Thursday, March 24, 2016

Would you wait five hours to vote?

Oh, wait, first question: Do you live in Arizona?

On Tuesday, Arizona’s Republican legislators deliberately forced hundreds of thousands of voters to wait long hours at polling stations, in an obvious strategy to deter people from voting.

A legal challenge already is under way.

About 60% of the population of Arizona lives and votes in Maricopa County. In 2012, when 57% of President Obama’s re-election votes in Arizona came from Maricopa County, about 1.2 million votes were cast in the county at 200 polling places—that’s about 6,000 voters per location.

After the U. S. Supreme Court essentially trashed the 1965 Voting Rights Act in 2013, Arizona was freed to make changes in election laws without federal oversight. (In the last 40 years, the feds disallowed 22 of the state’s proposed election law revisions because of evidence of discrimination against Hispanic and Native American voters).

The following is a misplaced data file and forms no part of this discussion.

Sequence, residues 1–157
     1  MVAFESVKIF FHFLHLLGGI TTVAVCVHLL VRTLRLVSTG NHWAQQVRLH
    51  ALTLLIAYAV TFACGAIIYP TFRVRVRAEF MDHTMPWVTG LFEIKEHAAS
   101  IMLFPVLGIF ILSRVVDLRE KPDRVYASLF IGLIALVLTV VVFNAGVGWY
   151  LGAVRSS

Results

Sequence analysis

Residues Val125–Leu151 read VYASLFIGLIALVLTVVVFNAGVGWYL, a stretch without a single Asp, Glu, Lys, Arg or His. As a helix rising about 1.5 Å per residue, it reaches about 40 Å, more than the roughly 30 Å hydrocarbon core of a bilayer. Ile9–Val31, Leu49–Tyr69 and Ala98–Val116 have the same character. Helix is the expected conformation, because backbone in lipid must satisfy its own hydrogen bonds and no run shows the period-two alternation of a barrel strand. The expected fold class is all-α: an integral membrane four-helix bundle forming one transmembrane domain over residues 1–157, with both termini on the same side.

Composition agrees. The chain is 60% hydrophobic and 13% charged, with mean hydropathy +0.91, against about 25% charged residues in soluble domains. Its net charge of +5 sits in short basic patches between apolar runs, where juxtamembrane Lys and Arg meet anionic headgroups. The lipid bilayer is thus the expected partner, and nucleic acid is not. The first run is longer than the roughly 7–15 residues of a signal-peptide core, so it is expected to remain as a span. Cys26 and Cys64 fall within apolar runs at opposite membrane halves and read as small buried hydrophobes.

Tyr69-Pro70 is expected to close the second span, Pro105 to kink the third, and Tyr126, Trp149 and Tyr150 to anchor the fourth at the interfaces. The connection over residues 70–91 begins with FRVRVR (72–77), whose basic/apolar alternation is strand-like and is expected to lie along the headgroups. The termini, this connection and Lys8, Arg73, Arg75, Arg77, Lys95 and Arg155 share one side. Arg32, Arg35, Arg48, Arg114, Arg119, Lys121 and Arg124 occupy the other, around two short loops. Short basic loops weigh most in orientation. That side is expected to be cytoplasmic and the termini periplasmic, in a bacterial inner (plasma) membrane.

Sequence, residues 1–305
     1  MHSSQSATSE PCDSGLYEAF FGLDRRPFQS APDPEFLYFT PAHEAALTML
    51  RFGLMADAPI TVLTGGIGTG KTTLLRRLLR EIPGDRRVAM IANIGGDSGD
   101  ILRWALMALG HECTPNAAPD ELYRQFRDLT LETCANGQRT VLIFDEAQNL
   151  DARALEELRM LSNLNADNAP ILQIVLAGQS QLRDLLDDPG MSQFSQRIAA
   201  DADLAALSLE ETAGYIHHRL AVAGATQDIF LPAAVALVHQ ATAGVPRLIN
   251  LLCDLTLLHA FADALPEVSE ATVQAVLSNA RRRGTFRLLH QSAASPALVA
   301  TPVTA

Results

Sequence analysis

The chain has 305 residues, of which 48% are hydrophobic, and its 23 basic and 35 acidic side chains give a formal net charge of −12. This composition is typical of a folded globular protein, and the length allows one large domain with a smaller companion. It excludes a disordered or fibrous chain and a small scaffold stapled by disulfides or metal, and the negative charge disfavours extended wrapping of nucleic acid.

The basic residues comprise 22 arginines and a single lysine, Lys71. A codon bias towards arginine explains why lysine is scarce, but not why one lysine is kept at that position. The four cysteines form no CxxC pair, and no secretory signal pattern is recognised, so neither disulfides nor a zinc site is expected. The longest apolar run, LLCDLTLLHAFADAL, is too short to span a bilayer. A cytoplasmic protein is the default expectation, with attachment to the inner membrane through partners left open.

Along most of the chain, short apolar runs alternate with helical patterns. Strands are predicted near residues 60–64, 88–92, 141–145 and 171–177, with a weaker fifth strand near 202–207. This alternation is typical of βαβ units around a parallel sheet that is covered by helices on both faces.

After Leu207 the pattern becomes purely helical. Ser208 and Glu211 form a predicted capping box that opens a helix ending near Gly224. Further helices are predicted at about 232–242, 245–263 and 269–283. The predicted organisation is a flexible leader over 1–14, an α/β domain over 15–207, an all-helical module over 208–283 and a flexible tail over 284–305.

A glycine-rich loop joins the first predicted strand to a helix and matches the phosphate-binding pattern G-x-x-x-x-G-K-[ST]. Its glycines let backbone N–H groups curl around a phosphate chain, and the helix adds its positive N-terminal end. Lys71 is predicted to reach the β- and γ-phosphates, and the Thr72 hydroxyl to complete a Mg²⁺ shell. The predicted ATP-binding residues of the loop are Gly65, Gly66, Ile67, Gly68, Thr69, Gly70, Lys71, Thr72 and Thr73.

With the federal oversight gone, Arizona legislators eliminated 170 of the polling places in Maricopa County “to save money.” So, this week, 60 locations were open to serve voters—roughly, one polling place for every 21,000 voters. Some voters waited in line for five hours to cast their ballots. In some predominantly Latino sectors of the county, there were no convenient locations.

In my town, there’s a polling station for every 2,500 voters. Usually I’m in and out in less than 10 minutes.

I want to believe I’d wait in line for five hours to vote, if I had to.

It’s an outrage that the Republicans in Arizona tried to prevent their fellow Arizonans from voting.

Copyright © Richard Carl Subber 2016 All rights reserved.

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